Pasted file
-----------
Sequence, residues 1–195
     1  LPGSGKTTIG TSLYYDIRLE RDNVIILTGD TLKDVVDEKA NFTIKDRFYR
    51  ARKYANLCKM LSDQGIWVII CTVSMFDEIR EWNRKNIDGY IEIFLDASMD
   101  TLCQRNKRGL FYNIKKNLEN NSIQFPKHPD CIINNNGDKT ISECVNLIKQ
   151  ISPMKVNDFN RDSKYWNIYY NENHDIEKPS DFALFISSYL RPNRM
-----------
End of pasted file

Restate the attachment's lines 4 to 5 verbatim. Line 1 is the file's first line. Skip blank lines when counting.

   101  TLCQRNKRGL FYNIKKNLEN NSIQFPKHPD CIINNNGDKT ISECVNLIKQ
   151  ISPMKVNDFN RDSKYWNIYY NENHDIEKPS DFALFISSYL RPNRM